In January, 2014, every high school student received an iPad. Utilitzing eBackpack and Google Drive; teachers and students are able to send and receive homework assignments and information paperlessly.
    “Looking into the future, we hope to add pdf textbooks as part of our paperless initiative,” Heckenlively said.
     PowerSchool, housed at the University of Nebraska, is a comprehensive student information system that enables students and parents to easily manage a wealth of information online: Daily grades, report cards, fee balances, lunch balances or daily attendance. Results can be e-mailed on a daily, weekly or monthly basis. Daily bulletins can be accessed. Grades are inputted into the computer every Monday allowing parents to have an up-to-date assessment of their child’s progress.
    STAR READING AND STAR MATH are the most widely used computer-adaptive tests in K-12 schools, and are the preferred method of assessment because of their accuracy, efficiency, ease of use, and outstanding value. With new tools, enhanced content, and reports, this remarkable suite of assessments lets you get the most out of data to drive daily instruction and practice like never before. STAR Enterprise assessments provide Common Core State Standards reporting, and are aligned to state standards, and linked to state tests so educators at all levels can individualize instruction to fill learning gaps while there is still time to do so.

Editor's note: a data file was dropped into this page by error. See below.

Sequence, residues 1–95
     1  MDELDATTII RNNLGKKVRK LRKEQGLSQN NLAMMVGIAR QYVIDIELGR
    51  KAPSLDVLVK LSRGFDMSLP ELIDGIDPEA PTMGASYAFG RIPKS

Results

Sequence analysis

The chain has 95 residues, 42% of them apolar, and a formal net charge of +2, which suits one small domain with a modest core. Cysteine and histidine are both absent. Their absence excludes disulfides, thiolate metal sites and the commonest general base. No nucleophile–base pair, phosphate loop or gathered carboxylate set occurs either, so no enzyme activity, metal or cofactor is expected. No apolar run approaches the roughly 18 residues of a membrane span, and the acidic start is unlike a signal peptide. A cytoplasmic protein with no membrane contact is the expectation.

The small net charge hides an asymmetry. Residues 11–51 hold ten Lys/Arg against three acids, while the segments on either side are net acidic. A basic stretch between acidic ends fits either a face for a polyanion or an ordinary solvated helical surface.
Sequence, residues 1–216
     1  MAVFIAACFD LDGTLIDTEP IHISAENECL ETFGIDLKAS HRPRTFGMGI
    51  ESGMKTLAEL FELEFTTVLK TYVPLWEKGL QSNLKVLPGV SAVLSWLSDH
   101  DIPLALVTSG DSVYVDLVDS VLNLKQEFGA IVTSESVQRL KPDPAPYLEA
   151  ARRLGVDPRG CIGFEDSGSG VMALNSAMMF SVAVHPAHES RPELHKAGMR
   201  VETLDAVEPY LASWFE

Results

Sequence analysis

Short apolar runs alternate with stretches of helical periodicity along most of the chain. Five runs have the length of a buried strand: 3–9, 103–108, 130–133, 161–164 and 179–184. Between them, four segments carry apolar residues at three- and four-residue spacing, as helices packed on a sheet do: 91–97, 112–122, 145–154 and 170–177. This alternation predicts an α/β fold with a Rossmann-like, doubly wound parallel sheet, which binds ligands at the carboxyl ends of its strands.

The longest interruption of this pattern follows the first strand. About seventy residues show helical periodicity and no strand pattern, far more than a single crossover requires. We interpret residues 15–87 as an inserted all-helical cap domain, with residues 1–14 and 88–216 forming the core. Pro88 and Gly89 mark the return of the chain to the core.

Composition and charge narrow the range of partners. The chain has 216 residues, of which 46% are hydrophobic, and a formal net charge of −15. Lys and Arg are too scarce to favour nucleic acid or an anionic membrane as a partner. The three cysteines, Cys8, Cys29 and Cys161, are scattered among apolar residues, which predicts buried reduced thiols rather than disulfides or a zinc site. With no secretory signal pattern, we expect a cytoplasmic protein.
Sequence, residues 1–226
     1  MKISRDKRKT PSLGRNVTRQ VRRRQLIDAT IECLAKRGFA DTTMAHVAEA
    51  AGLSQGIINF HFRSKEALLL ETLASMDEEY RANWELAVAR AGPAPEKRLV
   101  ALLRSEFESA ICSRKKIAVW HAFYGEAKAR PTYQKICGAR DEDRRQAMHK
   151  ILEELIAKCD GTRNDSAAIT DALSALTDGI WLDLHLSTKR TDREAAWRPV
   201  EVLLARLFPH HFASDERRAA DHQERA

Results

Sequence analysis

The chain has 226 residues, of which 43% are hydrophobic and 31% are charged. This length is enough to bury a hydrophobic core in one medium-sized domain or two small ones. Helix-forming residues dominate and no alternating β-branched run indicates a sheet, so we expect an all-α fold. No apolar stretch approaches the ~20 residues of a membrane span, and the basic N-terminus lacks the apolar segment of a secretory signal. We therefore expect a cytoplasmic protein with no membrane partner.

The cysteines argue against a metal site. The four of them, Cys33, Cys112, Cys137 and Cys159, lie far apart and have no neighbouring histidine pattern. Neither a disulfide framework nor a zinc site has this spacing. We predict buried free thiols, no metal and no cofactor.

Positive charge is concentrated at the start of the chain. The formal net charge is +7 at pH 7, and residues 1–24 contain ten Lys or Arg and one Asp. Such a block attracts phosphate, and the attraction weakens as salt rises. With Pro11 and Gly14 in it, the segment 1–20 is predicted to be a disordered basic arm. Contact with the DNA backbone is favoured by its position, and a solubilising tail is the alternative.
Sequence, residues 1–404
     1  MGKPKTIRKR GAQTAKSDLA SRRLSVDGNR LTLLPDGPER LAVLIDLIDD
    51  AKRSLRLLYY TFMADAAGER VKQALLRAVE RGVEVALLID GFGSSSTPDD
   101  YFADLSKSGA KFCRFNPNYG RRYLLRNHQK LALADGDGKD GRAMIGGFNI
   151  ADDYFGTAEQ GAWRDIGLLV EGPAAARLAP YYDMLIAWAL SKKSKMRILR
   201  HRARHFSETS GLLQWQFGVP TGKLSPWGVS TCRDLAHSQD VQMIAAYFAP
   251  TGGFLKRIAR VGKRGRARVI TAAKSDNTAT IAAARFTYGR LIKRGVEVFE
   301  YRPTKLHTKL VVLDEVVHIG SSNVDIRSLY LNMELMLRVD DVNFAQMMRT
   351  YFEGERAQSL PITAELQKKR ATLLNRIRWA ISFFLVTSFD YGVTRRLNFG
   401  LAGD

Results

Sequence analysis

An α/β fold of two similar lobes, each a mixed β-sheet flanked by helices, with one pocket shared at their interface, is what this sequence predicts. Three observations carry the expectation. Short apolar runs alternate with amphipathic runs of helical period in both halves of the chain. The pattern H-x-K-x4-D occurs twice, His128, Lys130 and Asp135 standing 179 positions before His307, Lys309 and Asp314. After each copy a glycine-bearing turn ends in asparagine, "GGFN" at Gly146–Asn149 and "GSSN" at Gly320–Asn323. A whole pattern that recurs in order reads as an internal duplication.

IXL is the Web’s most comprehensive math practice site and is being utilized at North, South and Middle Schools. With IXL’s state standards alignments, you can easily find unlimited practice problems specifically tailored to each required standard. IXL automatically tracks student progress and displays proficiency scores in the state standards reports. These reports allow you to quickly evaluate student aptitude and identify trouble spots.
    That’s not to suggest the work is done. Not by a long shot. Information Technology, on one hand, covers such a wide scope of subjects, and requires so many different skill sets to carry out that laundry list of perpetually evolving functions, it’s nearly impossible to find one commonly accepted definition of “I.T.” To come to an accurate estimation of the number of definitions, it may be best to take the number of organizations in the world and multiply that by how many I.T. roles each employs.
    On the other hand, the smaller the organization, the bigger the job description. Around here, at a small rural Nebraska school district, for instance, “I.T.” refers to all computing and everyone who computes. Students and faculty alike repeatedly called on Renee when trouble inevitably shot back with superior weapons, and either dying RAM, uncooperative software or simply a compromised attention span, had awakened the dreaded “spinning wheel of death.” To “boot the computer” isn’t always an ambiguous command, and that’s when Renee’s phone rings. She can hack it.
    And just because the last 20 years of technological advances completely transformed the world, not unlike the Industrial Revolution did in the 1800s or the automobile in the 1900s, that doesn’t mean the next 20 years won’t see equally life-altering advances. It’s predicted that by 2020 we’ll be able to text by merely thinking (have to think an uptick in domestic disturbances might follow; incidentally, male birth control is due 2021), and holographic TVs will go mainstream. Also in 2021, the launch of the flying car. For sure, technology is advancing at a frenetic pace. Henry Ford churned out a million cars annually by 1920, but none of them took flight. Don’t see any pigs up there, either.